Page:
The next three days, the section physically drives the lane, first with no ammunition.

“At some point they’ll hit a roadblock, they’ll have an ambush, there will be tanks that present themselves, they’ll have a call-for-fire mission,” said Terstegen. “Once the call-for-fire mission is done, they’ll get a change to mission and they come home. Now they’re on their return route down their main (major supply route), they’re coming back through. They have a couple more engagements: they have a sniper engagement, they take a casualty and now they’re treating a casualty while on the move, they just came out of an engagement area so you’ve added stressors, but at this point there is still no live-fire, there is still no ammunition being fired.”

The following day, the Soldiers run the same route, but this time with blank ammunition.

“Now you’ve added the stressor of hearing the machine guns going off while doing all the other reportings and possibly fighting through malfunctions of the weapons that you didn’t have the day before,” said Terstegen.

The final day of training, qualification day, the Soldiers finally fire live ammunition.

“So you’re trying to actually knock the targets down,” said Terstegen. “You’ve been engaging them, but you don’t really know where you’re hitting so now you’re engaging them, watching where your rounds are impacting so as a vehicle commander, you’re adjusting fires … you’re still maneuvering your element, you’re still calling your reports in and so slowly, every day you’re adding another stress level to that section leader to make them more lethal, more trained, more proficient at their craft.”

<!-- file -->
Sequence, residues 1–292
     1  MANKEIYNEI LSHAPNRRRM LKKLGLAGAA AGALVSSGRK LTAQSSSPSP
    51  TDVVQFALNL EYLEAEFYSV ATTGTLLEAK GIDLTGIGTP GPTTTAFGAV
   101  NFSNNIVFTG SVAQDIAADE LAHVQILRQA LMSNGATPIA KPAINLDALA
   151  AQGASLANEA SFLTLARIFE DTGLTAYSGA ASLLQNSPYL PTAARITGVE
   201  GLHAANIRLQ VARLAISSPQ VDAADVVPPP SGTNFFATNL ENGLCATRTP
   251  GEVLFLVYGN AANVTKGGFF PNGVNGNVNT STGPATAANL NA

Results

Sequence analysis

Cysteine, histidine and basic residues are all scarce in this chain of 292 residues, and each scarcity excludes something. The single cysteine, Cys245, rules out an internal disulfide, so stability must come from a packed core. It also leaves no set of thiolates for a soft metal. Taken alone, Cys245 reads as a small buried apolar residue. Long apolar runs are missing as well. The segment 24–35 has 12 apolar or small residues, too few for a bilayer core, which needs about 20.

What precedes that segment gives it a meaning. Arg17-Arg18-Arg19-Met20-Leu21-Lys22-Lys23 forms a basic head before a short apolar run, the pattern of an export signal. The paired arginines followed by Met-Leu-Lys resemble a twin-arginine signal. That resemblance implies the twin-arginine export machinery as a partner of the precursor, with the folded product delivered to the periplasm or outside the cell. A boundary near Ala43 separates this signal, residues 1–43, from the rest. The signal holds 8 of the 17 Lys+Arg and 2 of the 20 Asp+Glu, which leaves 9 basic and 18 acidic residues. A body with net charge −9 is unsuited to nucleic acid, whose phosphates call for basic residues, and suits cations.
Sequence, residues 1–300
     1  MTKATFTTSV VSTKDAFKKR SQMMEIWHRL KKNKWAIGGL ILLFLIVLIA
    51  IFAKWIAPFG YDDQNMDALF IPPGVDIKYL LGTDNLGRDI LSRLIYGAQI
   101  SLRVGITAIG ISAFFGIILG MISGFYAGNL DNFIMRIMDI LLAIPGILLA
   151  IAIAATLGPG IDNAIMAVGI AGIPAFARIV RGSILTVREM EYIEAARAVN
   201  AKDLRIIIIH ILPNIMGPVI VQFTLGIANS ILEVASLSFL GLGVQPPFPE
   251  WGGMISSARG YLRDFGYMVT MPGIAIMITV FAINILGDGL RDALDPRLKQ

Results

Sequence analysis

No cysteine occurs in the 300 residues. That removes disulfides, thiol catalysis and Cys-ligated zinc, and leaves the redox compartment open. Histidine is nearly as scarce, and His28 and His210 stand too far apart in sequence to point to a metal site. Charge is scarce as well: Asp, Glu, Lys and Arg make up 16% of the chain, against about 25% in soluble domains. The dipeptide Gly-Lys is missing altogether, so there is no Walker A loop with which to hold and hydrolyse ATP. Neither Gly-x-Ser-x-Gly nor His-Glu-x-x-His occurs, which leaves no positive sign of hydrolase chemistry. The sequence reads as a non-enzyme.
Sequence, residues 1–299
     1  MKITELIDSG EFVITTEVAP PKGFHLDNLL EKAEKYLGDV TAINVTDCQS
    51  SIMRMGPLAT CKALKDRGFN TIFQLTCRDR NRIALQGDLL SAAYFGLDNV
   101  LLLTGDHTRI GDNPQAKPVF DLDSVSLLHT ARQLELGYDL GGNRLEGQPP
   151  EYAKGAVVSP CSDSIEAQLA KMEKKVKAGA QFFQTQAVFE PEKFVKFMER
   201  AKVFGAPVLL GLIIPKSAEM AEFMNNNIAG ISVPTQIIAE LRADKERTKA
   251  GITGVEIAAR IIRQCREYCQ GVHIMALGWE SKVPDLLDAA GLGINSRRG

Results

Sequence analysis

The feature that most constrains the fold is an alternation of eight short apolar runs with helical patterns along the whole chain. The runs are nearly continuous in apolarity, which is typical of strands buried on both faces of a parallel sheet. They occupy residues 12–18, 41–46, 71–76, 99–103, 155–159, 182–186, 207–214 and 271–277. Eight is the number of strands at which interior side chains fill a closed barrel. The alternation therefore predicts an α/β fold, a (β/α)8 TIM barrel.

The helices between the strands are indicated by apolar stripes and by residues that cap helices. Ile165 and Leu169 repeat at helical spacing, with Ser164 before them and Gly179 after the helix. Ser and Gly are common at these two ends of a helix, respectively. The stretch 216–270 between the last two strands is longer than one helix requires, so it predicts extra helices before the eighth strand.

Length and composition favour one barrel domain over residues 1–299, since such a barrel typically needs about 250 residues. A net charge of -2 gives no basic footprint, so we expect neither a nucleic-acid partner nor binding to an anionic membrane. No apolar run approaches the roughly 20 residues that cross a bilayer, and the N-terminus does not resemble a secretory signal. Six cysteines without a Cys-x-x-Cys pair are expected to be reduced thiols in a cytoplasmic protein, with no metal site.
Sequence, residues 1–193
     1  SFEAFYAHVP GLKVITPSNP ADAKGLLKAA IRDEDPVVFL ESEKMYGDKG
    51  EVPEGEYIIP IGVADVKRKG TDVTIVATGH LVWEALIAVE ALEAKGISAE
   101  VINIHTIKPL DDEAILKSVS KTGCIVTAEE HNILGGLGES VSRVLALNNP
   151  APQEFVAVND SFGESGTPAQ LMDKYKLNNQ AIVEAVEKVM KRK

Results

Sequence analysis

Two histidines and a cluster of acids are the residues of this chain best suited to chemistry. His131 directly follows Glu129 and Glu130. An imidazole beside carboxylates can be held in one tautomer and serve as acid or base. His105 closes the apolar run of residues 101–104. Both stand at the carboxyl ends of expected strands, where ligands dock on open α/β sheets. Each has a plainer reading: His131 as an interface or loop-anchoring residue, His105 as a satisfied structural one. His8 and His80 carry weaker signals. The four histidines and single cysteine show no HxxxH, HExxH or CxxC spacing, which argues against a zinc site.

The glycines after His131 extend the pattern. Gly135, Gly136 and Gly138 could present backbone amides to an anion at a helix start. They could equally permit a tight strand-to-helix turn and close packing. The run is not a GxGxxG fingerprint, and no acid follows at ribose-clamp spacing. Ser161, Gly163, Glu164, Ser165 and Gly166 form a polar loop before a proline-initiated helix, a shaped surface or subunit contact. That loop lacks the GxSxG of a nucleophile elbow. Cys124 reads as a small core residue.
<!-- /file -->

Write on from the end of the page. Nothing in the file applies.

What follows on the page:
The goal of this training is to eliminate the need for a separate element to protect a logistics convoy.

“This training is helping sustainers defend themselves,” said Sgt. 1st Class Larry McCracken, vehicle crew evaluator and fire commands master gunner, 3-340th Brigade Engineer Battalion.

“The sustainment units are now not going to have an escort, they’re going to have to defend themselves and they understand that,” added Terstegen.

“Just the energy they have, it was pretty remarkable,” said 1st Sgt. John C. Jones, day convoy range noncommissioned officer-in-charge, Yano Range, Task Force Triad. “They were ready to go down and they were excited to put rounds downrange at those targets, I can assure you, very excited.”

Not only do these Reserve Soldiers know where the future of convoy escort is headed, but these teams have proven they are motivated and capable to carry it out, Jones added.

“Everything is a perishable skill so unless you use it, you kind of get rusty on it,” he said. “These units demonstrated good communications over the radio, they demonstrated good internal communications, and happy to say, they were able to meet their critical task.”

“Everything is working out because we’re all coming together as a team,” added Meeks. “Operation Cold Steel, Task Force Bullion and CSTX as well as all the (Observer/Coach Trainers) that are over those units are coming together as a team and making sure they hit the right objectives in order for them to go through Gate III.”